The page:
Remembering the day time stood still

It may sound like a Twilight Zone episode or a sci-fi motion picture or a fictional story from a writer's imagination, but it happens to be a true story of the passenger steamer the SS Warrimoo that went back to the future in international dateline waters at exactly the right moment and at the stroke of midnight, a moment that time stood still. The front of the ship was in the 20th century, the back half was in the 19th century. The front was in the Southern Hemisphere and the back was in the Northern Hemisphere. The bow was in summer and the aft was in winter. The ship was straddling two hemispheres, two seasons, two years and two centuries at the same moment.

It all started from a picture on the wall of Robert White's office, who has a collection of pictures of boats, ships, steamers, etc., that were left to him by his father, who was a Navy man who loved unique pictures of sailboats, warships and pirate ships, to name a few.

When I saw his hand-painted, beautiful picture of the Warrimoo on the wall, White started to tell me the story as it was told to him by his father and to his father by others, until one day he was given a finished painting of the actual steamer from the artist, John English, of Island Heights, N.J. Along with the painting was the official Lloyds Register steamer document that was registered that day.

The Captain of the Warrimoo, Captain John D.S. Phillips, was bringing his ship from the Far East and was required to report his position twice a day. The Warrimoo was quietly knifing her way through the waters of the mid-Pacific on her way from Vancouver to Australia. The navigator had just finished working out a star fix and brought Captain Phillips the results. The Warrimoo's position was spotted at about latitude 0 degrees 30 north and longitude 179 degrees 30 west. The date was December 30, 1899.

The mate, Matt Dayldon suddenly broke in, "Captain, do you know what this means? We're only a few miles from the intersection of the Equator and the International Date Line!"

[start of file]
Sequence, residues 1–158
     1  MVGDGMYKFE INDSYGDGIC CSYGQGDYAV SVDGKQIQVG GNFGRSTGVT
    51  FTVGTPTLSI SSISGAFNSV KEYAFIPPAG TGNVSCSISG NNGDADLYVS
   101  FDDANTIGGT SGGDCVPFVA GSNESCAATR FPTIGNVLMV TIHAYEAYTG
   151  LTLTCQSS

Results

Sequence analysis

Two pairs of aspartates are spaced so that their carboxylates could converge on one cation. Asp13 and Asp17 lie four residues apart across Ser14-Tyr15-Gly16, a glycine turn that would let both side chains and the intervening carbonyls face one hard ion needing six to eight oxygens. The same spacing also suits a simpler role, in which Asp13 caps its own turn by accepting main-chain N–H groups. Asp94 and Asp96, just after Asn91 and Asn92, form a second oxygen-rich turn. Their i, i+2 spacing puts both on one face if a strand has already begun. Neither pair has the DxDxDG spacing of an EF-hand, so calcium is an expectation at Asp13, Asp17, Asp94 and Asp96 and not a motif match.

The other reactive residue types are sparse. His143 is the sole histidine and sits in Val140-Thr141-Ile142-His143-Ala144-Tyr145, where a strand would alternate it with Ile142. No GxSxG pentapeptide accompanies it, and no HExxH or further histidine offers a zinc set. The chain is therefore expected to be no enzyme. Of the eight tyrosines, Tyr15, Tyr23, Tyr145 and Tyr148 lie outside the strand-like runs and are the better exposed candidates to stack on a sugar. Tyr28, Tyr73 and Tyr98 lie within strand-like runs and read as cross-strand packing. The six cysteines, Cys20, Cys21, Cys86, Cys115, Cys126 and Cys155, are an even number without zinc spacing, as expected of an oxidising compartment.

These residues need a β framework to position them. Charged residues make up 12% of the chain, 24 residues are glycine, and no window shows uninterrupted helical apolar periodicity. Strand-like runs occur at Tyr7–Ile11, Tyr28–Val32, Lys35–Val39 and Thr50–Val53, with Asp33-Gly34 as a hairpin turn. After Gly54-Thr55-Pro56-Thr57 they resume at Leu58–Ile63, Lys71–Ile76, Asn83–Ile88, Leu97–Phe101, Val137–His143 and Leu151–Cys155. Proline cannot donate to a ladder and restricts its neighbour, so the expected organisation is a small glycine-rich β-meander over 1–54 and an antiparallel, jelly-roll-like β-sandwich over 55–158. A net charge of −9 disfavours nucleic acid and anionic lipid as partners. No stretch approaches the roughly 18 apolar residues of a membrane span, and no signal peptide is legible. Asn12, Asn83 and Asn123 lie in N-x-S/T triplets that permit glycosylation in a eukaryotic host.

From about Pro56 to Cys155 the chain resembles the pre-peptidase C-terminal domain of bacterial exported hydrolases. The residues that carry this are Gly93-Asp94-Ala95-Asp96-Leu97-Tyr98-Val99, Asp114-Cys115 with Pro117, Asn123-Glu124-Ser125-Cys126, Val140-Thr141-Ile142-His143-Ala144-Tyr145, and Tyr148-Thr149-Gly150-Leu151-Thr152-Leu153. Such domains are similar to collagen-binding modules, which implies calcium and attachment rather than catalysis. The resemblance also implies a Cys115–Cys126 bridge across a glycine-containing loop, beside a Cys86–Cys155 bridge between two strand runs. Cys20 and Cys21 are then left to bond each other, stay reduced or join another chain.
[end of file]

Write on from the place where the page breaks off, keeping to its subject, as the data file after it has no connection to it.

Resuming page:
The captain knew exactly what it meant and he was prankish enough to take full advantage of the opportunity to achieve the navigator's freak of a lifetime. In an ordinary crossing of the date line, it is confusing enough for passengers, but the possibilities he had before him were sure to confound them for the rest of their lives.

Captain Phillips immediately called four more navigators to the bridge to check and double check the ship's position every few minutes. He changed course slightly so as to bear directly on his mark. Then he carefully adjusted engine speed so that he would strike it at just the right moment. The calm weather, the clear night and the eager cooperation of his entire crew worked successfully in his favor. At exactly midnight local time, the Warrimoo lay exactly on the Equator at exactly the point where it crosses the International Date Line.

On record, the consequences of the ship's bizarre position were many. The forward part of the ship was in the southern hemisphere and in the middle of summer. The stern was in the northern hemisphere and in the middle of winter. The date in the after part of the ship was December 30, 1899. Forward, it was January 1, 1900. The ship's position signals read at 00degrees 00 position, latitude 00 degrees 00 N, longitude 00 degrees 00 E, course 000 degrees, speed 0.

Therefore, the ship was not only in two different days, two different months, two different seasons and in two different years, but in two different centuries, all at the same time. Moreover, it was said the passengers were cheated out of a New Year's Eve celebration and one entire day, December 31, 1899 had disappeared from all their lives for all time.

Until next time,

Ciao,

Joe D'Angelo

P.S. There was compensation for the people aboard the Warrimoo, as they were the first to greet the new century. And Captain Phillips, speaking of the event many years later, said "I never heard of it happening before. It was a day time stood still."

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